Lansing Catholic school challenges Ingham County mask mandate
A Lansing Catholic school that unsuccessfully fought to block a state mask mandate last year has asked a federal judge to reconsider its case for a temporary halt to a similar county order, arguing the new mandate targets religious schools.
Resurrection School and two parents on behalf of their children filed a motion for a temporary restraining order Friday that would block the Ingham County Health Department order set to take effect Tuesday.
The school asked U.S. District Judge Paul Maloney of the Western District of Michigan to reconsider its case in light of a June U.S. Supreme Court decision stopping the city of Philadelphia from banning adoption agencies who refused to work with gay couples because of religious reasons. The school also argued that, unlike the state orders, the new county mandate has unequal application, ordering masks in schools while ignoring other public locations like movie theaters or recreational facilities.
The school also noted that Ingham County Health Director Linda Vail told media while issuing the order that it did not affect 97% of Ingham County's public schools where similar policies were already enacted.
"The challenged order notably targets Catholic and private religious schools,” which are likely to make up much of that remaining 3%, the lawsuit said.
Ingham County Health Department declined to comment on pending litigation.
In its Friday filing, the school said it uses “state-of-the-art” filtration, ventilation and UV-C disinfection. Since classes began Aug. 24, there have been no cases of COVID-19 transmission, the lawsuit said.
The school said it believed it was wrong to punish kids who struggled to wear the mask.
“Defendant’s order requires plaintiff Resurrection school to change its disciplinary policy to police mask usage and to disregard the sincere voice and concern of parents, who under the Catholic Catechism maintain the authority to direct and control decisions affecting their children’s educational, social, and medical needs, such as requiring their children to wear a mask for the entire school day,” the suit said.
The school argued Vail should have allowed for religious exemptions, noting religious education was “at least as important as napping,” which is an exempt activity under the order.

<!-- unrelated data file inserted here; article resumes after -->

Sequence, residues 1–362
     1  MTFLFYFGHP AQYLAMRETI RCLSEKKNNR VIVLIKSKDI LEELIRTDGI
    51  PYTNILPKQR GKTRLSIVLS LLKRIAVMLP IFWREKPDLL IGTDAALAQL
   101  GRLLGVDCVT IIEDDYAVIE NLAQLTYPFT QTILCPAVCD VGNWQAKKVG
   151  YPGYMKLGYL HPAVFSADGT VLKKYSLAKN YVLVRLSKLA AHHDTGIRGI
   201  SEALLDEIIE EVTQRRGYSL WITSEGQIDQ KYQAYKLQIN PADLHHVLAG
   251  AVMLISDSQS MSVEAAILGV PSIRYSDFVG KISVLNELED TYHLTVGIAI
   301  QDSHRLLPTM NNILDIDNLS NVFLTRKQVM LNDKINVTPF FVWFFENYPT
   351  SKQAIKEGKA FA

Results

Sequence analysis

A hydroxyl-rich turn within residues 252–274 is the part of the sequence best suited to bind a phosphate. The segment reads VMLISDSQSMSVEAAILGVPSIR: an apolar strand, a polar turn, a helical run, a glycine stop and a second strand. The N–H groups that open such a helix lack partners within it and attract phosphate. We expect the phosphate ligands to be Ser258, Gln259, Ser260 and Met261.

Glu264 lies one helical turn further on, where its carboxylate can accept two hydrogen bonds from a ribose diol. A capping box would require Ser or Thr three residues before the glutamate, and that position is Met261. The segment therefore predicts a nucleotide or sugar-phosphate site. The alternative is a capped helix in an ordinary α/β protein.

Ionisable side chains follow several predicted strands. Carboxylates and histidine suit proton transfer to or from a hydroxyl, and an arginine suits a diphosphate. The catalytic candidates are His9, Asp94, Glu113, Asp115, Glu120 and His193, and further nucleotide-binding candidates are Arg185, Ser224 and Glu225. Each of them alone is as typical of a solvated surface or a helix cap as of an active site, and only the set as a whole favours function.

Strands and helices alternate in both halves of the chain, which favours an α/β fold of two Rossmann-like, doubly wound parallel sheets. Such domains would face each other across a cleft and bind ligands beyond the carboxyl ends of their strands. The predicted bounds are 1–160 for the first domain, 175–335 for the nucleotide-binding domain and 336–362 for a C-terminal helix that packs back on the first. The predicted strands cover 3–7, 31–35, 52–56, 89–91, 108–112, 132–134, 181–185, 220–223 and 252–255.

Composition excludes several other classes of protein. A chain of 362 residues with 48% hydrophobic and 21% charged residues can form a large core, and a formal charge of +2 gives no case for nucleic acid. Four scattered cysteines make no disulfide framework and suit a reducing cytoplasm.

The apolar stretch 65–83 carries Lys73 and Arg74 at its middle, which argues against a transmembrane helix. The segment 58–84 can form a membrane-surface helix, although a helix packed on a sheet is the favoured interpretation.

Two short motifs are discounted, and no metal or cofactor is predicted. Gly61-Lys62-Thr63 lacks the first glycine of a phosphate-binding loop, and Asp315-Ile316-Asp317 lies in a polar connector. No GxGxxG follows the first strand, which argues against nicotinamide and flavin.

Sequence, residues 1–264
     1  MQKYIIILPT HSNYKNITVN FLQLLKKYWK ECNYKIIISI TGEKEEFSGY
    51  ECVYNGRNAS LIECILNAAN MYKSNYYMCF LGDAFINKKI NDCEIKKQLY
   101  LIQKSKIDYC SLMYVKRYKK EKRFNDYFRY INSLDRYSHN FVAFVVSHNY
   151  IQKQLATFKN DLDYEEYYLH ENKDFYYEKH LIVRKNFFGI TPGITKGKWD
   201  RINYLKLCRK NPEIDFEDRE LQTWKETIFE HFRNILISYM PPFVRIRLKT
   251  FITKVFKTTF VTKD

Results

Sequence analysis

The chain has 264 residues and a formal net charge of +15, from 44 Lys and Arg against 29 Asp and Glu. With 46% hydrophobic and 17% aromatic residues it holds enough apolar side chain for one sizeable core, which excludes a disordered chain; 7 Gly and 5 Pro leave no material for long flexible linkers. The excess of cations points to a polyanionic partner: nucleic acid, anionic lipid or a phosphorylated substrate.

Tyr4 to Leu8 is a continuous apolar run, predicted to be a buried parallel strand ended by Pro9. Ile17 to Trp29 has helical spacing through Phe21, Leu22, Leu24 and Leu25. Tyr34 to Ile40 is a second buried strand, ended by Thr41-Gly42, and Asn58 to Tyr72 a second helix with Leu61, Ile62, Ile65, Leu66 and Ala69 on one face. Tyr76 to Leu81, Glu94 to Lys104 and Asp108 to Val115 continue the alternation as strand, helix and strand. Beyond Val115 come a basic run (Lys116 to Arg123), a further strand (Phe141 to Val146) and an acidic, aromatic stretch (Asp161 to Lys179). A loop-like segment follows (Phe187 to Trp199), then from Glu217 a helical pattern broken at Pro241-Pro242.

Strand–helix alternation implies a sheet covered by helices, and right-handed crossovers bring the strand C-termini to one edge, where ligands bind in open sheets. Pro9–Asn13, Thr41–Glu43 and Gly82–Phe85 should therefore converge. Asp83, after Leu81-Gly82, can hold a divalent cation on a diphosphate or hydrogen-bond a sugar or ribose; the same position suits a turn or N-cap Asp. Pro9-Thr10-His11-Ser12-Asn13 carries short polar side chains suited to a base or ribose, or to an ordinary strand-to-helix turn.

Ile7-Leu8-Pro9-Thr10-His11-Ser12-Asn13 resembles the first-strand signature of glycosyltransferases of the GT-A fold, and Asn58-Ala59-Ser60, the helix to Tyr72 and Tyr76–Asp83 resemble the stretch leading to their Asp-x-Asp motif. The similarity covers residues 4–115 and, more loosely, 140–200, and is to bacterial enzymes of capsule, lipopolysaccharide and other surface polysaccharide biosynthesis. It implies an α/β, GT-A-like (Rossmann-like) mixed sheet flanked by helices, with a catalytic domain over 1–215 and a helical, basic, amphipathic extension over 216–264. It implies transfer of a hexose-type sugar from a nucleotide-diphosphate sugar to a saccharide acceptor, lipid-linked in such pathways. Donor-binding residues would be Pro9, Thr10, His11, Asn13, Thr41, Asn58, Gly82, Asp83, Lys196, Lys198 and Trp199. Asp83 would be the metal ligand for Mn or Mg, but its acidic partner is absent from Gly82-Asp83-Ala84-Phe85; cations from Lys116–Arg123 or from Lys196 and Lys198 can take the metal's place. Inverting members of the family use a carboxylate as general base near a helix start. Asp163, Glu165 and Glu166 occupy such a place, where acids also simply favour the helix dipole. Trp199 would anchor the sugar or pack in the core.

“If Defendant Vail can provide an accommodation for napping, medical accommodations, etc., then she must be required to provide a religious accommodation,” the motion said.
Maloney denied Resurrection School a temporary restraining order against the Michigan Department of Health and Human Services mask mandate in October, ruling that the state order was not motivated by hostility to any specific faith and that it was neutral because it applied to all schools.
The school appealed to the U.S. Sixth Circuit Court of Appeals, where the state asked the case be denied because, with the mask mandate rescinded by that point, the issue was moot. The Sixth Circuit ruled last month that because the state orders were applied equally to religious and secular schools, there was no proof it targeted religious freedoms specifically.
Resurrection School will ask for an "en banc" hearing — one before all of the appellate judges and not just a select panel — to reconsider the Sixth Circuit decision.
The statewide mask mandate is no longer in place, but several school leaders have pushed for the state to reinstate one instead of leaving the decision to individual school districts or county health departments. Dozens of school districts and county health departments, including Ingham County, have issued mask mandates in the last couple of weeks.